Lieut-Colonel Walter Guinness: In only one case has the National Mark Committee taken action in the direction referred to by my hon. Friend. This was the case of a packer who had infringed the conditions of the scheme both in regard to grading and the nature of the packages used. His certificate of authorisation has not been revoked but has been suspended until such time as the National Mark Commit- tee is satisfied that...
Lieut-Colonel Walter Guinness: Oh, yes. Both the Department and the Committee are doing everything in their power to keep up the reputation of the national mark by seeing that the grading and packing is guaranteed.
Lieut-Colonel Walter Guinness: No outbreaks in recent years have been attributed to imported hay and straw used as packing materials. My hon. Friend's proposal was fully considered by the Departmental Committee on Foot-and-Mouth Disease, who in their Report issued in 1925 stated that to impose a prohibition or to require the destruction at the port of all hay and straw used as packing materials would involve an...
Lieut-Colonel Walter Guinness: A Committee has gone into that question, and they found that there was no evidence of outbreaks around towns where this packing material was likely to cause danger, and until we have some evidence we really could not justify putting our industrial production to the inconvenience of such a regulation.
Lieut-Colonel Walter Guinness: I speak subject to correction, but I think there is a regulation in the United States, in Canada, the Irish Free State and other countries imposing an obligation to destroy, or to import with certificates of disinfection, and that is a different matter. I do not think we can impose such a regulation without evidence.
Lieut-Colonel Walter Guinness: Investigations into the causes of outbreaks of alleged bracken disease are in progress at Leeds University and in Scotland. An investigation of this character is necessarily slow and it is too soon to say whether any action can usefully be taken on the lines indicated in the question. I am, however, sending my hon. and gallant Friend a small pamphlet which gives some information on the subject.
Lieut-Colonel Walter Guinness: The outbreak has occurred in various parts of the country. The disease is thought to be due to a fungus, but further inquiries are being made as to whether that is indeed the cause of the disease, or whether there is some other cause which weakens the bracken and enables the fungus to take root.
Lieut-Colonel Walter Guinness: That matter will, of course, be examined in the inquiries that are being made. The danger of introducing any of these viruses is that they may affect valuable plants as well as bracken.
Lieut-Colonel Walter Guinness: I am afraid it will not put an end to the bracken.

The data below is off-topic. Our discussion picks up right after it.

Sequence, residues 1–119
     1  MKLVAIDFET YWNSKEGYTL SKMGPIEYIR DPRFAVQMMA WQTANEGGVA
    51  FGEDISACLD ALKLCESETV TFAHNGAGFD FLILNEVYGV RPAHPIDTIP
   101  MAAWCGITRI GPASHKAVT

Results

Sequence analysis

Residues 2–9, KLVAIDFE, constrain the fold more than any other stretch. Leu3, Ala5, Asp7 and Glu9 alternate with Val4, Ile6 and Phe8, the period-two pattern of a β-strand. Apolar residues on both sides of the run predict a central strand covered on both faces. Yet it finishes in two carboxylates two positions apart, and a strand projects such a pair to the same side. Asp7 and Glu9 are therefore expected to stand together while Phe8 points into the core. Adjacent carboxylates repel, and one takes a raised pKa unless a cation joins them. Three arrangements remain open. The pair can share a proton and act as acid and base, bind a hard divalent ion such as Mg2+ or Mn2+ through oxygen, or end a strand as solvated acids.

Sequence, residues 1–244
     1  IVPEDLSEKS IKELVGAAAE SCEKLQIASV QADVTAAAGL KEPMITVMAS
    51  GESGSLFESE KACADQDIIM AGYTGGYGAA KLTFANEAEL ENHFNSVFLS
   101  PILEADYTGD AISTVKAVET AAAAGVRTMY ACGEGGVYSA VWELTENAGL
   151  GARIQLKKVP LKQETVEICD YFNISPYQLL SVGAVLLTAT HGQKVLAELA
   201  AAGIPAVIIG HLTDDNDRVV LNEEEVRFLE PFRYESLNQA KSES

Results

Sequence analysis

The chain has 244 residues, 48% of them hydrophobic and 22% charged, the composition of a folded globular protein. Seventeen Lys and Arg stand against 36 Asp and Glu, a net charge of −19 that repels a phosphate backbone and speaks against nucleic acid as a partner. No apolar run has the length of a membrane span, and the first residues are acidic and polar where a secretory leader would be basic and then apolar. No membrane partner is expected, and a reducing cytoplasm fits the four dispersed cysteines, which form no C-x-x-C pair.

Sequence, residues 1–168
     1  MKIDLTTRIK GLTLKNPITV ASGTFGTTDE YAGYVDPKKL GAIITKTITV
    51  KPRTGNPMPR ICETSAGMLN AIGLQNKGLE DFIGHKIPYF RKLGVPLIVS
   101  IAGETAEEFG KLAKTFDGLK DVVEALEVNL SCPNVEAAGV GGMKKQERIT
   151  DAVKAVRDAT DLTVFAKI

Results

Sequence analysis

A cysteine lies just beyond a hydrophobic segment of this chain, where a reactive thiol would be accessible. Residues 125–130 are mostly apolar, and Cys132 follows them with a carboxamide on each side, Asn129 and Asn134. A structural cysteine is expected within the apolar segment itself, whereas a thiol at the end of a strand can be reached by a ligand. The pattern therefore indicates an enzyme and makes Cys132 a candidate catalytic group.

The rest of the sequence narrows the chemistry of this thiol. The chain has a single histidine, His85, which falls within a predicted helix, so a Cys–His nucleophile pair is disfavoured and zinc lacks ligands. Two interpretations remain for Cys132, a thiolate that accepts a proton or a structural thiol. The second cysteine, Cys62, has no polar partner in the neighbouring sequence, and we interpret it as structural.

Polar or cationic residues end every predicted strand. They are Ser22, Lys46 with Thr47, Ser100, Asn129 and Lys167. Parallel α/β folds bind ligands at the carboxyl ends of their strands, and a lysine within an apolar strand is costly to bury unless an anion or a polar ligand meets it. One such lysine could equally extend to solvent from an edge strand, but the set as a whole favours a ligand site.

Lieut-Colonel Walter Guinness: I have been asked to reply. The Fishery Departments in Great Britain are continually in touch with the industry in all its branches. I am satisfied that the fishing industry does not lack credit facilities, and that such facilities cannot usefully be placed at its disposal by the Government. The Government is always ready to consider any practical suggestions for meeting specific needs of...
Lieut-Colonel Walter Guinness: We have carefully examined the matter. I remember that the hon. and gallant Member for Central Hull (Lieut.-Commander Kenworthy) was going to bring to me a deputation on the subject, and the Hull Trawlers' Association passed a resolution that credits were neither needed nor desirable, and the matter then dropped. I think that, in view of the evidence we have had, it would be ill-timed to...
Lieut-Colonel Walter Guinness: We are always willing to listen to any representations, but I would remind hon. Members that when there was a scheme in force for the provision of credits in Scotland and for the provision of nets very small demand was made on it.
Lieut-Colonel Walter Guinness: I think it might well be that people would be glad to have free grants, hut the question is one about credits. Credits on any self-supporting principle do not meet with any considerable demand.
Lieut-Colonel Walter Guinness: Am I in order in explaining that this Amendment does not in any way increase the liability on a ratepayer?
Lieut-Colonel Walter Guinness: I would refer my hon. and gallant Friend to the reply I gave to the question on the same subject which was put to me yesterday by the hon. and gallant Member for Central Hull (Lieut.-Commander Kenworthy).
Lieut-Colonel Walter Guinness: I think very shortly.
Lieut-Colonel Walter Guinness: The answer is in the affirmative.
Lieut-Colonel Walter Guinness: I am fully aware of the effects of the imports of foreign barley. With regard to the second part of the question I would refer my hon. and gallant Friend to the reply given on behalf of the President of the Board of Trade to my hon. and gallant Friend the Member for Louth (Lieut.-Colonel Heneage), on the 30th January last.
Lieut-Colonel Walter Guinness: I am aware that complaints have been made with regard to the importation of German wheat, but there is no action that I can usefully take in the matter.
Lieut-Colonel Walter Guinness: I beg to move, in page 125, line 14, at the end, to insert the words: 12. Sub-section (2) of section seventeen of the Tithe Act, 1925, shall, for the purposes of any application for the redemption of any lay tithe rentcharge on any land made by the owner of the land on or after the first day of October, nineteen hundred and twenty-nine, have effect as if— (a) for the words 'then if the land...